The different projects


The Trike (From HiFi News & Record Review 50 years ago!)

This is a very easy build and low cost as well at least for the enclosure. The aim is to use cardboard tubes to make a quarter-wave pipe. The simplest construction would be to simply block one end of a pipe and put a loudspeaker driver there. Here there is a trick were a smaller diameter tube is inserted into the larger one. The pipe is then in reality in three sections. 1. The smaller pipe, 2 the outer pipe minus the area of the inner pipe and 3 the outer pipe.

The inner diameter of the outer pipe (M) should be 1.5 times the effective cone diameter of the driver. The driver is a Phillips AD3701M a 6.5" driver with a cone diameter of about 130mm so 1.5 times that is 195mm and the pipe is 200 mm. Height of the outer pipe should be about 4 times its inner diameter or in this case 800 mm and that it what it is. The inner pipe inner diameter should be 0.6 M-wall thickness of inner-pipe so that is 200mm times 0.6 minus 4mm wall thickness = 116mm. As far as I can tell it is 118-120mm close enough. The average lenght of the inner pipe is 0.6 of the length of the outer pipe, in this case 480 mm.
M=1.5 cone diameter, T=0.6M-t (keep it above 0.5 and below 0.7)
H= 4M and d=0.6h

The building material. Going right to left: The pipes from Bauhaus, in the US it would be Home Depot and such. The drivers are from old Philips speakers bought at a thrift store at a very low cost. The plate and the bowl have the right diameter for marking the cutouts. Never use the cardboard tubes to trace the cuts as they are not truly circular.  The outer tube is fine as it is the inner has to be cut to the right lenght and slant. Cables and connectors is needed. The inner tube will get some bonded acetate fiber (I do not like to work with fiber glass. The green felt to the left may come in handy if I need to add some more damping material in the pipe.  The pine board will be material for the baffle of the driver and blocking the end of the inner pipe. Missing is some kind of feet to lift the pipe up from the floor to a hight of M/10. The feet will depend on how I finish the tubes, cover with a nice fabric, painting it, wall paper perhaps. I think I will build it first and if I like the sound I will work on the looks ;)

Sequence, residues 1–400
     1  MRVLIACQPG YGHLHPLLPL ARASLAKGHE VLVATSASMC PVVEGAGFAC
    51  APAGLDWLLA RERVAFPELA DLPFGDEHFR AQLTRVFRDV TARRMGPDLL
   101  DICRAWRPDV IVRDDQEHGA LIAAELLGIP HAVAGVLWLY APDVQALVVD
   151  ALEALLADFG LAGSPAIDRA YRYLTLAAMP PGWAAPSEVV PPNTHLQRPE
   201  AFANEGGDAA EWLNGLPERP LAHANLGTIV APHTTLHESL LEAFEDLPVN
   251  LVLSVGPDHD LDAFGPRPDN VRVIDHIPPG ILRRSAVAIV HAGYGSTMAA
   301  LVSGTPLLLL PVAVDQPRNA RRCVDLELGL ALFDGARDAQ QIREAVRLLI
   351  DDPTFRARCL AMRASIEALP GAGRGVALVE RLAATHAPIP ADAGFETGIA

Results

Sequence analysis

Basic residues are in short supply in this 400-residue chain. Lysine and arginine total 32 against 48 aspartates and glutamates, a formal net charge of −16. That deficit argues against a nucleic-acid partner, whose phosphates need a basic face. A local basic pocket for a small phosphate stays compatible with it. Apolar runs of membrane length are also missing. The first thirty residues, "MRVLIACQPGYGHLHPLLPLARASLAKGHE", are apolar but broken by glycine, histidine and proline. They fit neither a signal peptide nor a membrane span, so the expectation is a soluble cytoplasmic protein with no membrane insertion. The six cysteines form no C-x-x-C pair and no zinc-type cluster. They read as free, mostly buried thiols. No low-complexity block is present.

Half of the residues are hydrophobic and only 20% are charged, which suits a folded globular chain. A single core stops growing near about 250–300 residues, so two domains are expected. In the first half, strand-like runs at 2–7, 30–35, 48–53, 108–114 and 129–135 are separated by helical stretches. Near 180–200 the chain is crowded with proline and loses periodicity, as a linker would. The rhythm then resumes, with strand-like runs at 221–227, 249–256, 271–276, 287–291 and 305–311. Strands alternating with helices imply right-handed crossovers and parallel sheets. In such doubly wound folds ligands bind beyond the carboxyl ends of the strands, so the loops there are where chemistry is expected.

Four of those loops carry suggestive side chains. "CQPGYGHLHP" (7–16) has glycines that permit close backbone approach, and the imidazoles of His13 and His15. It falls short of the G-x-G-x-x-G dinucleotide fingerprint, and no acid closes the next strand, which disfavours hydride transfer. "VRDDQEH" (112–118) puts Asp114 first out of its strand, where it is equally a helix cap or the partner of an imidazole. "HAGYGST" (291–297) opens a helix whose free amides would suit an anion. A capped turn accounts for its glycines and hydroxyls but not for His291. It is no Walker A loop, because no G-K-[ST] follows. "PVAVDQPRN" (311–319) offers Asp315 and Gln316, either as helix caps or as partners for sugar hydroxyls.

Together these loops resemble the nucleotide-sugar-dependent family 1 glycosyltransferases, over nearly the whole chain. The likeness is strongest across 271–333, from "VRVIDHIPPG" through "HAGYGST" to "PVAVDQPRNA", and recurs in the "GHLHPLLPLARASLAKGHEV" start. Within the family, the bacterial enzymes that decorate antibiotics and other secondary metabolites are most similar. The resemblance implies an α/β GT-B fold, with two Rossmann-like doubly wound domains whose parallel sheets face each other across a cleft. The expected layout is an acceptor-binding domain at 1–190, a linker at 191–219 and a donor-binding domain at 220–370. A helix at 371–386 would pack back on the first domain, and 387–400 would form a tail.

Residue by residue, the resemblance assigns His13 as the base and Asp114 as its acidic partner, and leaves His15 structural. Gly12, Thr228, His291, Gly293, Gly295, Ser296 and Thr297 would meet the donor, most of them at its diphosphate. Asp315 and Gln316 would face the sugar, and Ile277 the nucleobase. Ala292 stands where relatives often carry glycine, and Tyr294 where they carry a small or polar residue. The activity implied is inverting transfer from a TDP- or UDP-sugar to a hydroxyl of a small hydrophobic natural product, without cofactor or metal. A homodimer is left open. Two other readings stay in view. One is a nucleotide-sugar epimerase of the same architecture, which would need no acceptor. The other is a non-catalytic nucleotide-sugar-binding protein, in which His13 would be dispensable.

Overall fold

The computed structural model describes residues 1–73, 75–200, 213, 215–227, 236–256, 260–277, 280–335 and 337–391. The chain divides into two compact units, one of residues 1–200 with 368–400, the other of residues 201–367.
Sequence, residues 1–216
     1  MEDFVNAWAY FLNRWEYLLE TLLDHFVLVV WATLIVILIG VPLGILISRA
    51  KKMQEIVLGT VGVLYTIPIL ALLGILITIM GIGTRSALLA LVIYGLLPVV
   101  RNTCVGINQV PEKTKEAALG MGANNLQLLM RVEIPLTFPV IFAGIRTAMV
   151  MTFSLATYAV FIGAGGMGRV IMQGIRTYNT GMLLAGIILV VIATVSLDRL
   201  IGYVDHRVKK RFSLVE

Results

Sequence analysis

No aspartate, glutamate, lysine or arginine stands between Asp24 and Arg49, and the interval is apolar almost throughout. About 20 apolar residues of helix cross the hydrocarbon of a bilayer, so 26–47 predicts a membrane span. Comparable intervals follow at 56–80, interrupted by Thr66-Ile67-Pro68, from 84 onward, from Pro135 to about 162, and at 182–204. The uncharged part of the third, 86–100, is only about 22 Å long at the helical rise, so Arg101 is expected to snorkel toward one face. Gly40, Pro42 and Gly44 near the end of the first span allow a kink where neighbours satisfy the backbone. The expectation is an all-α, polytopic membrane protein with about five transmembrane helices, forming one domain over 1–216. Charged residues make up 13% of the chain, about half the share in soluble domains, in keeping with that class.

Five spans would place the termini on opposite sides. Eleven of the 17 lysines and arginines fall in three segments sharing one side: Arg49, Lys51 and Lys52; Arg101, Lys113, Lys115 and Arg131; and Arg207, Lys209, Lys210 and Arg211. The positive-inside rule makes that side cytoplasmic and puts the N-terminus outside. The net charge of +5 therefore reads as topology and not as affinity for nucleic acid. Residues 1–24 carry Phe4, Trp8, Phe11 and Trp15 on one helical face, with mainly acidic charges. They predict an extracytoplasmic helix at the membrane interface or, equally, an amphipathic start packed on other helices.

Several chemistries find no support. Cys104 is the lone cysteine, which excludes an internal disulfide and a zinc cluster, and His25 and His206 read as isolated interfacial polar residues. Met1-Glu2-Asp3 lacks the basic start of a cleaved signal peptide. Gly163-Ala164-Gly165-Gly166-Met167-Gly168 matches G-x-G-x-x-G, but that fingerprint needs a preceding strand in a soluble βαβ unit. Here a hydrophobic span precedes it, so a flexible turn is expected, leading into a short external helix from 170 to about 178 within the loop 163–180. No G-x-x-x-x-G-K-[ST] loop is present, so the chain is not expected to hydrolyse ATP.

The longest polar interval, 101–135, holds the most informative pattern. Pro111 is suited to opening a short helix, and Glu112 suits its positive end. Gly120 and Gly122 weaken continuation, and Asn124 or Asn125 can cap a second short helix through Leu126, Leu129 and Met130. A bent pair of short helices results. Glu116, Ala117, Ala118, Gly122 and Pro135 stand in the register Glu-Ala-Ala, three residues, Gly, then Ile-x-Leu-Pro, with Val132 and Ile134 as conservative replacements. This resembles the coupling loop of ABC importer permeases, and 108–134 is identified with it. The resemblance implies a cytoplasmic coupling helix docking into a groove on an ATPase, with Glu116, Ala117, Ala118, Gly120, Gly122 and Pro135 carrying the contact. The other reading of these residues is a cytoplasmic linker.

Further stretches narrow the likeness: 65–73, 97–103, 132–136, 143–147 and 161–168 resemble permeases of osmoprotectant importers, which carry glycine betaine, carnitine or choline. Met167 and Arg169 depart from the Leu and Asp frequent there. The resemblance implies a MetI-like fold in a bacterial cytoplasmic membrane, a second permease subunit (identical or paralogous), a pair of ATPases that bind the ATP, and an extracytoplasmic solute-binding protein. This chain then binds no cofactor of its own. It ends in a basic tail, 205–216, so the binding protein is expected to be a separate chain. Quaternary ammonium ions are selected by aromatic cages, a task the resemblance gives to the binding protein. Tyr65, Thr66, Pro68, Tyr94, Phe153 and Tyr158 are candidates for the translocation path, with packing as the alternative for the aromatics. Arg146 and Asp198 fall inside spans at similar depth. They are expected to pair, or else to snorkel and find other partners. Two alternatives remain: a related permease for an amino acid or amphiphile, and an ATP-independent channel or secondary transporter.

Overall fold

DIY Loudspaker plans for 2012

At long last I am about to embark on several DIY projects.  Last year I sold my large transmission loudspeakers and now really have to get some proper HiFi setup going again. And yes I know that I could get at least good sound by buying them of the shelf, but what would be the fun in that!

Preliminary candidates are as follows.

1. Jericho XII, based on the Jerricho 08 design from Klang & Ton but with some improvements and changes for my particlular setup.
2. Axiette of evil. A bassreflex design for the vintage classic Goodman Axiette, bessel tuning and vent geometry of the Onken type.
3. Onken 180, a "small" onken like box with the Eminence 15" Omega Pro 15A driver. Not a true Onken as far as tuning goes but vent geometry and the large total vent opening is similar.
4. Mjönir, a front loaded bass horn with Beyma 12" as horn driver...
5. CT 164, my take on a small backloaded horn using a Tangband 4" driver.
6. Mini TLS, Atkins HFN&RR design from the 80s, using modern Peerless and Seas drivers.
7. Trike, a HFN&RR design of a Voigt pipe using cardboard tubes as enclosure!
8. The Post horn, a vintage design dating all the way to the 50s, in original a mono design with the driver facing the backwall and no damping material at all inside the enclosure. The damping was improved in the HFN&RR publication by removing a brace! The thin (12mm) walls should absorb resonances by flexing.

How many of these I build and what order will depend on mood as well as time and space constrains, the last one imposed by my dear wife.